Case in point, I ran into a friend on the Friday of a holiday weekend and we realized we had not major plans so decided to get together to cook burgers and hot dogs. A trip to the farmers market provided some easy, late summer produce, but as I ran through the grocery to grab the extra bits in pieces, I snagged a bag of baby potatoes thinking that everyone likes potatoes with their meat. But I didn’t really have a plan. Sometimes, as a recipe developer, I get caught up in always trying to innovate – to add to recipes, give them a new twist. And I pondered those potatoes, knowing I wanted to do a potato salad. But the celery in the fridge had gone limp, I’d earmarked the onions for other things, I had no sour cream, there was bacon in another dish. So this recipe came together out of what I had on hand. And you know what, sometimes simple is better. Just a little shallot and some herbs with lovely potatoes and an American classic dressing. No bells, no whistles. Just a good, solid potato salad.

Roasting the potatoes adds an extra layer of flavor to this simple salad – but you want to be sure to roast the potatoes very crispy, so don’t let any oil pool on the roasting pan. Same with the dressing – just coat the potatoes, don’t drown them.

Honey Mustard Potato Salad

2 pounds small yellow potatoes, or a combination of yellow and red

1 shallot

¼ cup finely minced Italian parsley

2 Tablespoons mayonnaise

2 Tablespoons whole grain mustard

2 Tablespoons honey

2 Tablespoons olive oil

Preheat the oven to 425°.

Cut the potatoes into bite-sized pieces of roughly the same size for even cooking. Put the potato pieces in a ziptop bag and pour over the olive oil. Toss the potatoes around until they are evenly coated in oil, then lift them out of the bag and spread them on a rimmed baking sheet (you can line it with foil for easy cleanup). You just want a light coating of oil with none pooling on the baking sheet, so it is better not to just pour them out of the bag. Sprinkle very liberally with salt and pepper and roast for 25 – 30 minutes, until the potatoes are golden brown and crispy and a knife inserted in a piece slides smoothly in. Remove from the heat and cool to room temperature.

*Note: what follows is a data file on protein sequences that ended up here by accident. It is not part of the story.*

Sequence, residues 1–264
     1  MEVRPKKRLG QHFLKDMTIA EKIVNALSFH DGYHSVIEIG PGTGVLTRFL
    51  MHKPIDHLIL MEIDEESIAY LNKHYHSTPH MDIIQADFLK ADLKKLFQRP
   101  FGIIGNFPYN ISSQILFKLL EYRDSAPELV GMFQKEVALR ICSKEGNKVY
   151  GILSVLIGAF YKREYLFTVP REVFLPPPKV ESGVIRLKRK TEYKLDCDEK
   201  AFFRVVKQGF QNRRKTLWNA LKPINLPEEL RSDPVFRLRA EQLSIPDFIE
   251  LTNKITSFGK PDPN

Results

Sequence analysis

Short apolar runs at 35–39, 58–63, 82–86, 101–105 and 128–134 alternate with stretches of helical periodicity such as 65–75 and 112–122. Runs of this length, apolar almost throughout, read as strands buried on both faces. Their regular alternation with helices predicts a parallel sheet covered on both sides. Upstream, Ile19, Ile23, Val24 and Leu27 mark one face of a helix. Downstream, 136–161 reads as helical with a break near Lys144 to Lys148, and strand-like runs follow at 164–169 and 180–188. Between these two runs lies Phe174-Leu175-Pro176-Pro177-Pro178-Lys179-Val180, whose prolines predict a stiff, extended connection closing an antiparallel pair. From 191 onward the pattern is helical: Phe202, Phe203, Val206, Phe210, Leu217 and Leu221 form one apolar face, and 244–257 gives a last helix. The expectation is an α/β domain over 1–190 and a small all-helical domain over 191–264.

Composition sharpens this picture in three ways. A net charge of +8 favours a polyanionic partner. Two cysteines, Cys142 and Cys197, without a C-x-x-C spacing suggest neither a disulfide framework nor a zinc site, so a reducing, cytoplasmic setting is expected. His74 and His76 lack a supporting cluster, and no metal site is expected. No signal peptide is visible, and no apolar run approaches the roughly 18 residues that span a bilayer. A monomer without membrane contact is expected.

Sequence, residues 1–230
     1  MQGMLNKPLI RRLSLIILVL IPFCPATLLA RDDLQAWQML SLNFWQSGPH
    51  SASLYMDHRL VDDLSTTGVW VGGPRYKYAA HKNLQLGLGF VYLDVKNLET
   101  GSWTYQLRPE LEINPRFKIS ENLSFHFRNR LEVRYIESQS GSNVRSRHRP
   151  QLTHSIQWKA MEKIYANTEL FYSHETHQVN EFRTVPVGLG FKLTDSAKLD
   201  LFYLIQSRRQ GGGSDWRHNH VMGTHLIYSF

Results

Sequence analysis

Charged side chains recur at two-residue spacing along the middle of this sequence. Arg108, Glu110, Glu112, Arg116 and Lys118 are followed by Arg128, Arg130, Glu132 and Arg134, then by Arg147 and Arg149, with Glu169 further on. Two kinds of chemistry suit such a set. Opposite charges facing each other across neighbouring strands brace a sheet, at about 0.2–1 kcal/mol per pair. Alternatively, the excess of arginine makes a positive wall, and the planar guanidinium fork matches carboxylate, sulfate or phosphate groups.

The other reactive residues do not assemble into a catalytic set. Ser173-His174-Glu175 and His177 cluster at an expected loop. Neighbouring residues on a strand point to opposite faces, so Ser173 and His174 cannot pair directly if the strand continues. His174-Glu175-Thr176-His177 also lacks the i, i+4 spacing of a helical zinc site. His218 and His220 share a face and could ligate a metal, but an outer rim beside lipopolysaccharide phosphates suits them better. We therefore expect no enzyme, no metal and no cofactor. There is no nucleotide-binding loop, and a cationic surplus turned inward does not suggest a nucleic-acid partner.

Whisk the mayo, mustard, honey and oil in a small bowl. Toss the cooled potatoes with the chopped shallot and the parsley, then pour over the dressing and gently toss to coat. Cover and refrigerate for at least 1 hour, but overnight is great.

Serves 8

Slow Roasted Zucchini with Fennel and Tomatoes

Slow Roasted Zucchini

I am always so intrigued by the adorable little baby zucchini I see in the farmers market, but I’ve never been sure about what to do with them that preserves their sweet size. I’ve cut them long ways and grilled the halves, but it always seems a shame to just slice them as you would a full size version. A few years ago, I read in a magazine about slow roasting these babies and I was dubious but willing to try. And it’s a doozy – a totally different experience from those crisp grilled or sautéed rounds or the casserole route. The whole zucchini become meltingly tender and sweet, and the aromatic vegetable ragout underneath gently flavors them and adds a lovely topping. I love the bright bight of fennel that adds a lovely sort of Mediterranean touch with a hint of oregano.

Look for the baby zucchini – about 4 inches long and an inch around. 1 zucchini with some vegetables spooned over the top will serve a person as a perfect side to a summer meal. Create a thin bed of fennel and shallot, not to deep but the zucchini shouldn’t touch the bottom of the pan.

Slow Roasted Zucchini

1 small bulb of fennel, very thinly sliced (or ½ of a small bulb)

1 shallot, very thinly sliced

4 ounces of small cherry tomatoes

4 – 5 stalks of oregano

½ cup vermouth

2 Tablespoons olive oil

5- 6 small zucchini, about 4 inches long

Salt and pepper

Preheat the oven to 375°. Pour 1 Tablespoon of olive oil over the bottom of a 2-quart baking dish – the zucchini should fit without touching each other. Spread the fennel and shallots on a layer on the dish and add the tomatoes and season with salt and pepper. Toss around with your hands to coat with the oil, then spread in a thin layer. Prick the zucchini all over with a thin, sharp knife, then place the on top, tuck the oregano sprigs around the zucchini, then drizzle over the remaining 1 Tablespoon oil and season generously with salt and pepper. Cover the dish tightly with foil and roast for 1 ½ – 2 hours, carefully turning the zucchini over half way through cooking, until the zucchini is very soft. Remove the foil and cook for a further five minutes.

To serve, gently place a zucchini on a plate and spoon over some of the fennel, shallots and tomatoes.

Serves 6